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Mike Tindall: Heartbreak can help forge great sides, and Lancaster has makings of one here

06 Oct | BY Betway | MIN READ TIME |
Mike Tindall: Heartbreak can help forge great sides, and Lancaster has makings of one here

The World Cup winner and Betway ambassador believes Stuart Lancaster deserves to stay - provided both he and the players learn from mistakes

To see England bow out of their own World Cup in the pool stages on Saturday was massively disappointing – but believe me, no matter how bad the fans feel, the players will be feeling 100 times worse.

This England team wear their heart on the sleeve and this will hurt them.

They will have been hoping that their success could help to lift a nation, but their personal ambitions have now been shattered and they will be feeling absolutely gutted.

England were not bad at the weekend – they actually made more breaks and the highest number of metres in attack – but Australia were just a little bit smarter.

David Pocock and Michael Hooper were outstanding, as was Scott Fardy in terms of getting over the ball – but Romain Poite did not look like he wanted to referee the breakdown at all.

Whereas Australia pushed those boundaries and got results out of it by either slowing the ball down or stealing it and it kicking away to make us start all over again, England did not react and change their game to follow suit.

They were clearly wary of making the same mistakes as against Wales, when indiscipline cost them dear.

This England team now find themselves in a similar position to when we were knocked out of the World Cup in 1999 by South Africa.

On that occasion Clive Woodward was banging on the RFU’s door demanding to be judged on our performance in four years’ time and Stuart Lancaster must now state his case with a similar conviction. lancaster-hidingI have been a big fan of what he has done over the last few years, having started with an entirely new group of young players he has overseen a complete rebuilding job and the rugby played in the last Six Nations – when we scored 18 tries and put 55 points on France – was a joy to watch. 

Under Lancaster we have finished second in the last four Six Nations which some people say amounts to failure, but you have to remember that the last three have all come down to points difference.

During that time Ireland and Wales have both won the championship while losing a game so it is not like we are a million miles behind.

Lancaster has set his stall out with certain policies that he believed were for the good of the team, he has instilled pride in the shirt and has gone to great lengths to involve the fans so that they feel part of what is going on – I think that it why they feel so upset now.

The issue is that having preached about a culture of consistency for so long he then displayed no consistency in selection during the past six weeks by attempting to change so much in a short period of time which went against three years of planning.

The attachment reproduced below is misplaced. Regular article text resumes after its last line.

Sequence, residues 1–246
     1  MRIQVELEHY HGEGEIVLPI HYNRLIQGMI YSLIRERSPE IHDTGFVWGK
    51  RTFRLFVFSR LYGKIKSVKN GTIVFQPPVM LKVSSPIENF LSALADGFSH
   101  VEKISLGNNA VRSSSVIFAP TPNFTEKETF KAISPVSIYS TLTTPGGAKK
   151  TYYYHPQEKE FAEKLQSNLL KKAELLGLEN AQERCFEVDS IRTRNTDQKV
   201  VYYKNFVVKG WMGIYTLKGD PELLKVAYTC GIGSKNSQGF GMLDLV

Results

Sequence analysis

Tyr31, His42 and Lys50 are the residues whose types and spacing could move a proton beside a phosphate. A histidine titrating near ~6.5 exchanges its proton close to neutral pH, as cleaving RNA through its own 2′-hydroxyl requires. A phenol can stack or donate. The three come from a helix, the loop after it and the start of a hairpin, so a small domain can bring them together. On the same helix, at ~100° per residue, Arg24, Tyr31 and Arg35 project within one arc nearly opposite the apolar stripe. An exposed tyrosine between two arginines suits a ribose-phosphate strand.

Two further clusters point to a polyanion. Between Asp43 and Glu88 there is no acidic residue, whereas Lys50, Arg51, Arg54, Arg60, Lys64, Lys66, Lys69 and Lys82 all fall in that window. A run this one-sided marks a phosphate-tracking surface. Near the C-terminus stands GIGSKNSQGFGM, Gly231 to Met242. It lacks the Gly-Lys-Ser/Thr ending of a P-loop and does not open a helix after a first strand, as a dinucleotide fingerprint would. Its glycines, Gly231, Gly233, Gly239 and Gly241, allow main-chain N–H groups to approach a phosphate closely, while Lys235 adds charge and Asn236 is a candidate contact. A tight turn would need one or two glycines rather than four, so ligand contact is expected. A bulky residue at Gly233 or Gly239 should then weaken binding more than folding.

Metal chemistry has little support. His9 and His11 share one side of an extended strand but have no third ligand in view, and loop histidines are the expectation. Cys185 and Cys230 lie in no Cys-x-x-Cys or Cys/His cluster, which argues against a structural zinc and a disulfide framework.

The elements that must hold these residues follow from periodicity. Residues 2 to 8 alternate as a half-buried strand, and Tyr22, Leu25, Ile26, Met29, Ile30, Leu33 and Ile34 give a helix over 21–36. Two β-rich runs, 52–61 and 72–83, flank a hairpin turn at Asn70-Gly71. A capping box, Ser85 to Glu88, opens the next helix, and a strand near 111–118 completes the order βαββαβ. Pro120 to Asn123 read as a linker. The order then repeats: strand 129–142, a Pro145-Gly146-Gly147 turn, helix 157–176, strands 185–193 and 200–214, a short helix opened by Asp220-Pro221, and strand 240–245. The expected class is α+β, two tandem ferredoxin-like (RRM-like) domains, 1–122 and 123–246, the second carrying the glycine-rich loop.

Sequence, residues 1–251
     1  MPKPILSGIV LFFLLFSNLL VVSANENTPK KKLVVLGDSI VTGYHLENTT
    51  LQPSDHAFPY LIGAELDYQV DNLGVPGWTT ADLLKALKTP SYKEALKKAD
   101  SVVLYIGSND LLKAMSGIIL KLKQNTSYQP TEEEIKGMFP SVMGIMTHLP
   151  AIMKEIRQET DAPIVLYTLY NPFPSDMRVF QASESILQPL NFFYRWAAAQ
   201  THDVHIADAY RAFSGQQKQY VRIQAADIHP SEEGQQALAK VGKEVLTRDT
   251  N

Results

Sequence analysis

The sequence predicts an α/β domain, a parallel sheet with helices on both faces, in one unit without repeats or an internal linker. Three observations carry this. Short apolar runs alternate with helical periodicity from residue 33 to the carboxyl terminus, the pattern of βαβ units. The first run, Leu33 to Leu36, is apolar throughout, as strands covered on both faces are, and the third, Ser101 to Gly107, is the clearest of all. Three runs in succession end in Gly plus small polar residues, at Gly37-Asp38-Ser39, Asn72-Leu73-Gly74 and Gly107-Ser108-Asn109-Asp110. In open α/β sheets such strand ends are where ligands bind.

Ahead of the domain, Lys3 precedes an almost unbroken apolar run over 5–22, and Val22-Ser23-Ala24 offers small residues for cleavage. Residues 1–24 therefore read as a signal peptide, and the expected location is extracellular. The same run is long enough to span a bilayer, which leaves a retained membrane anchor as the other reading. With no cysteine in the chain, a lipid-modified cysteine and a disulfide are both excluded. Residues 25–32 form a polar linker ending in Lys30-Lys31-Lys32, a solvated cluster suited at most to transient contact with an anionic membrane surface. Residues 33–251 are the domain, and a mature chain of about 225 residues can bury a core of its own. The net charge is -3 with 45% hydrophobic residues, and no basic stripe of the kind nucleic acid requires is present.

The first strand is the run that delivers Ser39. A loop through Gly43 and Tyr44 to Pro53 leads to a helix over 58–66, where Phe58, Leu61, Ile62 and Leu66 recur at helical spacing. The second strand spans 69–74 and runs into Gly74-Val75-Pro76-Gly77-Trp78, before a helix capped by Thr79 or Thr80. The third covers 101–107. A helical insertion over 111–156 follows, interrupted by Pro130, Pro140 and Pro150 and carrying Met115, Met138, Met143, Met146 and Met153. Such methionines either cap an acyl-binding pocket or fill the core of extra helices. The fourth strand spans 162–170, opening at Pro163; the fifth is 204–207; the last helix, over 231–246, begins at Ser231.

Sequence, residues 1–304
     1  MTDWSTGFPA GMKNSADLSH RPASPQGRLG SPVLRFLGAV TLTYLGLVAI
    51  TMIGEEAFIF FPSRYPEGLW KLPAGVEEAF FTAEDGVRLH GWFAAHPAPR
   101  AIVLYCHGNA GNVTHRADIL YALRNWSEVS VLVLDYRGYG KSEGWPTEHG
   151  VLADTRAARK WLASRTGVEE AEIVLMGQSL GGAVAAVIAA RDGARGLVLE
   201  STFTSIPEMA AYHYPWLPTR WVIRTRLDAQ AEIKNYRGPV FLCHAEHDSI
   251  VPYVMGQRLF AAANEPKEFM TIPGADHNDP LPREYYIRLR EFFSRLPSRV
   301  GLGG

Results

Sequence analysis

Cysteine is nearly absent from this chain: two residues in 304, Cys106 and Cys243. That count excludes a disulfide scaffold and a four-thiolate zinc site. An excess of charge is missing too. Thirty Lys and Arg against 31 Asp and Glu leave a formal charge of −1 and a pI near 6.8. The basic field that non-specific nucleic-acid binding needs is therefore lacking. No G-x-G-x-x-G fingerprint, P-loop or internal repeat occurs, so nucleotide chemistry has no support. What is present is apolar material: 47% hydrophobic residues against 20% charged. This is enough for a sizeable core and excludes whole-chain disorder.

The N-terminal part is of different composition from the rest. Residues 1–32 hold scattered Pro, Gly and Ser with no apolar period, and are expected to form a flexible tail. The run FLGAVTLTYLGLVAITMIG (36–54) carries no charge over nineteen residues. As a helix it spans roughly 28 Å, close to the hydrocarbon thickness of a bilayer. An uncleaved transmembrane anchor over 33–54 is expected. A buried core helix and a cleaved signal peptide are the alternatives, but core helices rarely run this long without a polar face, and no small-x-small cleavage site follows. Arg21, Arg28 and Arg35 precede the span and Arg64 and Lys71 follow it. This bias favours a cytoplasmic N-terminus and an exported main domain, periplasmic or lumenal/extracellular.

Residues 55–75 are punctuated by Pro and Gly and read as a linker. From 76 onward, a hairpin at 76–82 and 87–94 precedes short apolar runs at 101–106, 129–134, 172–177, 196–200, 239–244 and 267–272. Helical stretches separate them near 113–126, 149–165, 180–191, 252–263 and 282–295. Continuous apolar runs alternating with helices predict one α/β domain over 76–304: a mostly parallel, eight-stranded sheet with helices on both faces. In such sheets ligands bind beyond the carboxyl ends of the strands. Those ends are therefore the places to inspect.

When you arrive at a World Cup you must pin your colours on certain players and trust in the work that you have put in place, but he did not do that.

But people forget about the all the heartbreak that we had to go through before winning the World Cup in 2003, when we were branded as chokers who could never produce when it really mattered.

I still remember how I felt after losing matches in the Six Nations where a Grand Slam was at stake – first at Murrayfield in 2000 and then against Ireland in 2001, as well as the sole defeat in Paris midway through the tournament in 2002.

I can vividly recall all of those disappointments but it is how you learn from experiences such as those that really counts in pushing on and forging a winning team in the future.tindall-lansdowneThe key question for the RFU now – is Lancaster the man to continue taking this team forward or when it comes to the crunch is he going to make the same mistakes again?

I am a bit torn, but think overall I would prefer to see them learn from these losses and continue to work on playing the same brand of rugby.

With the pool that we were in a top team was always going to go out at this stage of the competition.

Against Australia we were simply beaten by a better team, whereas against Wales we let a winning position slip through our fingers.

That is the game that killed England and that is the one that they are going to look back on and will hurt the most.

Of course, the World Cup will suffer for the host nation no longer being in it but we are lucky that the quality of the rugby has been so good that people will stay involved with the tournament regardless.

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